What are you reading? It’s my favorite question, to ask and to be asked.
The question contributes to creating a reading culture because it assumes the person is reading in the first place. And if the person is not, if the answer is a noncommittal shrug, well, I typically take that as a challenge to find a book the person will love, taking the conversation through a game of "like-this-read-that." I am an unabashed reading evangelist, and book talk is much more interesting than the weather.
But the best reason to ask the question is for the reaction of readers, something I see every time I take advantage of Cincinnati’s literary scene to ask a visiting author what book has their attention. Their faces brighten. They lean back, pleasantly surprised by the question, or lean forward, eager to answer it, or a little bit of both. You can see them thinking about the last book they read and what they want to say about it. They talk with their hands.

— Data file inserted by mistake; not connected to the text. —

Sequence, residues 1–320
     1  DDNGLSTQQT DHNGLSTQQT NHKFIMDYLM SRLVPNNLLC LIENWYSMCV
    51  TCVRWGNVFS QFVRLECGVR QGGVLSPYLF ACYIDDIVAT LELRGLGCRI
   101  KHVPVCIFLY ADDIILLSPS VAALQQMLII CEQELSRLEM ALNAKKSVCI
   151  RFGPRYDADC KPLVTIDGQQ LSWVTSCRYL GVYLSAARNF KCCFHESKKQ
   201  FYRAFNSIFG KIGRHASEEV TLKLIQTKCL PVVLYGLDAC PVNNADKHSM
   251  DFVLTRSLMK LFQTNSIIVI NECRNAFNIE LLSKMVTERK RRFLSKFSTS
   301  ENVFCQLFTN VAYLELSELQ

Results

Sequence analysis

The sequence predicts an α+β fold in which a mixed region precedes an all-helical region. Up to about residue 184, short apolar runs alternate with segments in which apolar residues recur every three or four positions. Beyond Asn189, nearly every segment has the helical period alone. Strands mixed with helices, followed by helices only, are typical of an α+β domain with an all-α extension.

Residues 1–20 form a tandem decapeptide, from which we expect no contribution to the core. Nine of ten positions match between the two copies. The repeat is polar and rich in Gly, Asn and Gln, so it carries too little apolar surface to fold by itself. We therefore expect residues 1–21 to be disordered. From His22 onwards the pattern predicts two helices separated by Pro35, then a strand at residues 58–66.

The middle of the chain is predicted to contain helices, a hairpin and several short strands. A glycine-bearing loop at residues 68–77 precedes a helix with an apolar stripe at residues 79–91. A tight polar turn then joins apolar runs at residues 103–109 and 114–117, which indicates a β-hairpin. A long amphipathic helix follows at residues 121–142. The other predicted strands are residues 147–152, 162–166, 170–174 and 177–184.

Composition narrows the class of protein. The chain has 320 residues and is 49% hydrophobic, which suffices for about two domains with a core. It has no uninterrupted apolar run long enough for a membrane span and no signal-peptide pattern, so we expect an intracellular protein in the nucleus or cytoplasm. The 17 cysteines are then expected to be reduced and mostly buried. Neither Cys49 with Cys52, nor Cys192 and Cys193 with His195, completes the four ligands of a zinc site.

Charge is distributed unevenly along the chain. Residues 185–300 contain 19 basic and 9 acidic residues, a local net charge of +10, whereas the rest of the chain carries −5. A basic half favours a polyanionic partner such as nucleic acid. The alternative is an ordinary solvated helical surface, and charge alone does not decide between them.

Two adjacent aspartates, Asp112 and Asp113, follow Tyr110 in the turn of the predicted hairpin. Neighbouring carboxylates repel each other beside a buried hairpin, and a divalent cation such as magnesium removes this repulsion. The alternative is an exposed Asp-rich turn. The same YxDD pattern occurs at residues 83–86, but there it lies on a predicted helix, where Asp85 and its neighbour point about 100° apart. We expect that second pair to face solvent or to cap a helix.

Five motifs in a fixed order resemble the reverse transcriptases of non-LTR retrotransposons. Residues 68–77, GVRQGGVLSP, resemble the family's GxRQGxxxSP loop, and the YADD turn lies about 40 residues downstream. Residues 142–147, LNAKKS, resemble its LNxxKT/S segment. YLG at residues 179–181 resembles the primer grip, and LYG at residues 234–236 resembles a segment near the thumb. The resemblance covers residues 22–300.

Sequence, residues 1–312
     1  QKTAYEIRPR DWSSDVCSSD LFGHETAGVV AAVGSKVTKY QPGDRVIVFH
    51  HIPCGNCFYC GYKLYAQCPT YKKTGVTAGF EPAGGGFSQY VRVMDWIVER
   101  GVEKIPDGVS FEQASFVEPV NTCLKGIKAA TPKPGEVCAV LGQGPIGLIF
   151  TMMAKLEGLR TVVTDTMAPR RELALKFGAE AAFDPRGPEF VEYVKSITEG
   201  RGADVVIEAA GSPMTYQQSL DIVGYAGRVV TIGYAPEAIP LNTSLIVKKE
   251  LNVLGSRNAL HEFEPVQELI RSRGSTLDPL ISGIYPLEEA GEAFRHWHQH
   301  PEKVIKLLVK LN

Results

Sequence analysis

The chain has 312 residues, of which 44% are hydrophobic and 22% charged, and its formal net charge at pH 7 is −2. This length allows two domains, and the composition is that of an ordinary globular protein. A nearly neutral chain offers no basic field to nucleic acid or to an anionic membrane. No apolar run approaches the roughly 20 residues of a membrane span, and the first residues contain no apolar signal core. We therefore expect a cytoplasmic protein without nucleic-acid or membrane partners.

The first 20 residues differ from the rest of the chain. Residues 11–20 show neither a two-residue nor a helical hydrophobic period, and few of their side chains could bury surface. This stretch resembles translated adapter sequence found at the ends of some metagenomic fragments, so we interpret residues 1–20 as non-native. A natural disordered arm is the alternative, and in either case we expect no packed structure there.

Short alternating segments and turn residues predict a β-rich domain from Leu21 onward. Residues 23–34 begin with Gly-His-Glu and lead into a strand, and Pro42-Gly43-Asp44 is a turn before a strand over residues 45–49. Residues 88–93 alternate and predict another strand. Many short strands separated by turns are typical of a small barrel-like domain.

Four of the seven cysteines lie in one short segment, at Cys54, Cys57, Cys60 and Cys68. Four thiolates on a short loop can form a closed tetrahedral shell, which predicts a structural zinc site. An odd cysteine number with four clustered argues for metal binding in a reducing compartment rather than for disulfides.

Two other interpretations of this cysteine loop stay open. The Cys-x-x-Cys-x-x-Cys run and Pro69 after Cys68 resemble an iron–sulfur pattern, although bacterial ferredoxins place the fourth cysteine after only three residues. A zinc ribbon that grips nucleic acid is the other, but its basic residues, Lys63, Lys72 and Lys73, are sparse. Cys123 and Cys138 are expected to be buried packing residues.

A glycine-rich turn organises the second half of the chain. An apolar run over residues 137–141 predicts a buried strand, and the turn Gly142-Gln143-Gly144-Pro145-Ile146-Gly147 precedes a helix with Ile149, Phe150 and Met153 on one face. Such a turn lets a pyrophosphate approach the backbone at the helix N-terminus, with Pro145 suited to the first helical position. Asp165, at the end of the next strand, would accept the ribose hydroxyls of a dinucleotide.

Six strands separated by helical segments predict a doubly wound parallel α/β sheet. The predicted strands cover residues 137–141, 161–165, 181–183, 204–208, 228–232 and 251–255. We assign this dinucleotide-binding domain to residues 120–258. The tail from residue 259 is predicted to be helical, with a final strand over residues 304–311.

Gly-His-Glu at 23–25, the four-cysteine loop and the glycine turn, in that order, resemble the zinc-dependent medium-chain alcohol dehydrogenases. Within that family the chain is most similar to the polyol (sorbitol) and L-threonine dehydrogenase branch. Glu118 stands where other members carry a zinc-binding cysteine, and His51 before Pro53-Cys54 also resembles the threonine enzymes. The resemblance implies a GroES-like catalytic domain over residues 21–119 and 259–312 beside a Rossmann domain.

The answers have been as interesting as their reactions are charming. Josh Ritter, a singer-songwriter who took a turn as a novelist with Bright’s Passage, one of the weirdest, most haunting books I’ve ever read, was working his way through The Wind-Up Bird Chronicle by Haruki Marukami, a novel described as hallucinatory by the New York Times. Tracy Chevalier, author of The Girl With The Pearl Earring, confessed she was researching a new book by reading Vera Brittain’s memoir of World War I, Testament of Youth. The Mothersauthor Brit Bennett, revisiting Another Country by James Baldwin, said the novel felt more meaningful the second time around, “whatever that says about where I am in my life now.”
The answers of regular folks are no less intriguing. Are they reading for pleasure and escape or work and study? Do they love the same authors I adore, or will they offer me someone new to discover? What makes them laugh? What issues concern them? Like the authors, people usually are flattered to be asked; you’re implying that you respect their taste and think they have interesting things to offer, and they usually do. Whether you share their reading style or not, the books people read offer insight into their interests and pursuits. On Facebook, I asked the 100th subscriber to this newsletter, Margot Susca, what she was reading, and it launched a thread that drifted from her recent read — Hillbilly Elegy, the politically tinged memoir by J.D. Vance — to the best books to read aloud with kids. (Everyone agreed on Roald Dahl.)
With four words, you can help make America read again and spark an interesting conversation. And so, I want to know: what are you reading?